Last November when Harris County elected Lina Hidalgo, a 28-year-old socialist with no political experience, to be our county judge, some people were concerned. What if she has no idea what she's doing? What if her inexperience and far-left politics are damaging to our community? What if there's a major disaster and she sits on her thumbs while everyone panics because she's not prepared to deal with any form of crisis?
Earlier this week "what if" became "welcome to reality".
If you live anywhere in Houston, America's fourth biggest city, you probably noticed the giant cloud of smoke emanating from ITC, a Deer Park petrochemical storage facility on Houston's east side. Should we be concerned that a giant black cloud can be seen from miles away?
No, said Harris County Judge Lina Hidalgo. Don't worry! Everything is fine. Your health isn't at any risk, she assured us, and you have nothing to worry about. A giant black cloud of smoke that can be seen from outerspace can't harm your health because a 28 year old socialist said it's okay.
She said the Texas Commission on Environmental Quality data has already been made public and everything is just fine.
But according to the Texas Commission on Environmental Quality website, data was not made publicly available when Lina made this statement.
She either lied or she just didn't know the answer. Probably a little of both.
Joel Eisenbaum, a reporter from Click2Houston who's brave enough to do real journalism, asked Harris County Judge Lina Hidalgo to release the air quality data.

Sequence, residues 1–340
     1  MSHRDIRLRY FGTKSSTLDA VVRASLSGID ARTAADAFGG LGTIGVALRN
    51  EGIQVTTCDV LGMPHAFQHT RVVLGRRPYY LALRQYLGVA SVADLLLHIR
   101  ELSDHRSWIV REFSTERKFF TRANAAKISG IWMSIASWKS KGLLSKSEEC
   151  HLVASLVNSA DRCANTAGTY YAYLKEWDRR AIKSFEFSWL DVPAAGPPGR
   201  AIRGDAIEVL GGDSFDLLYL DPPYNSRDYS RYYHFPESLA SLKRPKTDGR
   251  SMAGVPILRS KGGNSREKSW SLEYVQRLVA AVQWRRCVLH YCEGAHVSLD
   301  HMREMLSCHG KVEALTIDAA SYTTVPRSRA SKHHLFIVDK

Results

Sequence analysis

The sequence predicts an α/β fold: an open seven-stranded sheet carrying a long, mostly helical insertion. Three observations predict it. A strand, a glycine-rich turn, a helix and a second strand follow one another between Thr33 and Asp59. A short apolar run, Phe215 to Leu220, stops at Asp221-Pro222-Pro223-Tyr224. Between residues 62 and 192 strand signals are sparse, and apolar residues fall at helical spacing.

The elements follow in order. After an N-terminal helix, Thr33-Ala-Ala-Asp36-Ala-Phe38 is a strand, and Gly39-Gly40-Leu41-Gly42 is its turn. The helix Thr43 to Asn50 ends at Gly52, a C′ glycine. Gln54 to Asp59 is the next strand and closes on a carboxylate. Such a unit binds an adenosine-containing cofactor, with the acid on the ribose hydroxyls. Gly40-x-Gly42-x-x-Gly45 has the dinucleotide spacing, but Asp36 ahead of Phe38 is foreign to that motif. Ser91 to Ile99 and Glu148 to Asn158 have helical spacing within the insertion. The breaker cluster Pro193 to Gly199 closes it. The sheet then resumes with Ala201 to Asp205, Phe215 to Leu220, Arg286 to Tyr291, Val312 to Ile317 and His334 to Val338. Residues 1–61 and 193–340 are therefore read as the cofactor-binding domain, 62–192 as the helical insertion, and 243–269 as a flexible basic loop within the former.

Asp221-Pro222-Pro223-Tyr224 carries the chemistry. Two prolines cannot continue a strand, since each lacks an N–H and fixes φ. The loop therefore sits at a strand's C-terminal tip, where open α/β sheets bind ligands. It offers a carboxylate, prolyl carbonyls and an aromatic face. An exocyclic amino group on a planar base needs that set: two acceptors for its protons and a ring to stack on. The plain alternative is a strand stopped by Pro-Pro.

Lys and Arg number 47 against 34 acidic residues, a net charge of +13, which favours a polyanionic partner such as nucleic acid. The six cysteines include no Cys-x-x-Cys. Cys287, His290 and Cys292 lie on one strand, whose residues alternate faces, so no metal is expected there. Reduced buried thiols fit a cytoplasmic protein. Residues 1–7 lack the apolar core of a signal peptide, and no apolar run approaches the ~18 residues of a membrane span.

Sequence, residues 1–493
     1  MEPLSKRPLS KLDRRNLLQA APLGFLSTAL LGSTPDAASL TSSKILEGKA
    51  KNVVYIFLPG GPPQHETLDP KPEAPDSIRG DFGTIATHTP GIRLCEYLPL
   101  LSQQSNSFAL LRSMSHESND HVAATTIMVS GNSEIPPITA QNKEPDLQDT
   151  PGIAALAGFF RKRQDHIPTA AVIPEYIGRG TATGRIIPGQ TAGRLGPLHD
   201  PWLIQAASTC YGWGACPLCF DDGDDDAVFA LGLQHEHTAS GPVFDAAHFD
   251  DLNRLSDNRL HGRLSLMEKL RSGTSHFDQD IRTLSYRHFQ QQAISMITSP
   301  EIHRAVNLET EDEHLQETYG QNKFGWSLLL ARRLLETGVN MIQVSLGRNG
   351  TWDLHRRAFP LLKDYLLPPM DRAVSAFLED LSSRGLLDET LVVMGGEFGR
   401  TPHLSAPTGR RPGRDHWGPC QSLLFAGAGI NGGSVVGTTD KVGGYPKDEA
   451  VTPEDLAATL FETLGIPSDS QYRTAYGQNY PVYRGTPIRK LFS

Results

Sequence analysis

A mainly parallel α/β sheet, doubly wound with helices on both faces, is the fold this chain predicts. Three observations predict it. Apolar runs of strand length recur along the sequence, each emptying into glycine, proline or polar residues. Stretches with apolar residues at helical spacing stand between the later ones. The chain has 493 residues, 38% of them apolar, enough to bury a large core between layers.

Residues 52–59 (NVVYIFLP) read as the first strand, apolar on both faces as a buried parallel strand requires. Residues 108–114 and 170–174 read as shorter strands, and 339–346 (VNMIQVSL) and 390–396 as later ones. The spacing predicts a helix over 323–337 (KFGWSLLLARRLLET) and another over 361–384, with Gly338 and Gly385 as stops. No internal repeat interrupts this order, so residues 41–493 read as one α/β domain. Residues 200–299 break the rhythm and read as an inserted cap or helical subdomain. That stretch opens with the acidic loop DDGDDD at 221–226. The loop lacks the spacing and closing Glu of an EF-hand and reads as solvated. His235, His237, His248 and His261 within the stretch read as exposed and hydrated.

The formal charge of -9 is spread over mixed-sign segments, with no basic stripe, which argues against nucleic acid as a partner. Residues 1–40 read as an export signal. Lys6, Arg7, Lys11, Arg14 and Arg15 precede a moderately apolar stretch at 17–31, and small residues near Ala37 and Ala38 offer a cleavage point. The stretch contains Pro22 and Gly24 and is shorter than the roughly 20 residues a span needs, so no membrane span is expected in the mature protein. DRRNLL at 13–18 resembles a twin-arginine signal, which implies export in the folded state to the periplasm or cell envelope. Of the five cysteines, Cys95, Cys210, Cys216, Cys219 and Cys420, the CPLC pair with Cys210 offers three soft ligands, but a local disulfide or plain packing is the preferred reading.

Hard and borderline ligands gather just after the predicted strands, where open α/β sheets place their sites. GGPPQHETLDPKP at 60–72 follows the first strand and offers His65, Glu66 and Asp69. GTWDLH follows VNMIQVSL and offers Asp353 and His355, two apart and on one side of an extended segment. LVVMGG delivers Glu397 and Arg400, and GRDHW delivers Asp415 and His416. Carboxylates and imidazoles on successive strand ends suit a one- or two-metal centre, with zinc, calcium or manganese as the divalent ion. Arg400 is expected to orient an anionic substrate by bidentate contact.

Hildalgo said the data has been released.
Again, it wasn't.
So Channel 2 Investigates called ITC to get the data. ITC told Channel 2 Investigates, “We have not released anything yet.”
Officials in the nearby town of La Porte indicated to Channel 2 Investigates that it has not received a copy of any electronic data. They’ve only been given verbal confirmation from the Harris County Pollution Center that they are in the all-clear.
At a 1 p.m. news conference, Channel 2 Investigates reporter Joel Eisenbaum questioned Bob Allen, of Harris County Pollution Control, about the lack of data at the Deer Park site. Allen indicated that the sensor may be down for maintenance. Eisenbaum also pointed out that the sensor at the Clinton site has also been down since 9 a.m.
There are three cases which involved a total of $38,300 in TCEQ levied fines since 2009.
Two of the cases involved air quality violations, one of the cases involved a water quality violation, with cyanide.
These fires are expected to burn for days and will directly reach the residential neighborhoods of tens of thousands of Houstonians.
Will it hurt us? Should we all buy gas masks and wear them when we commute to work? Lina Hidalgo has no answers. Just lies.
Maybe we should bring back Ed Emmett?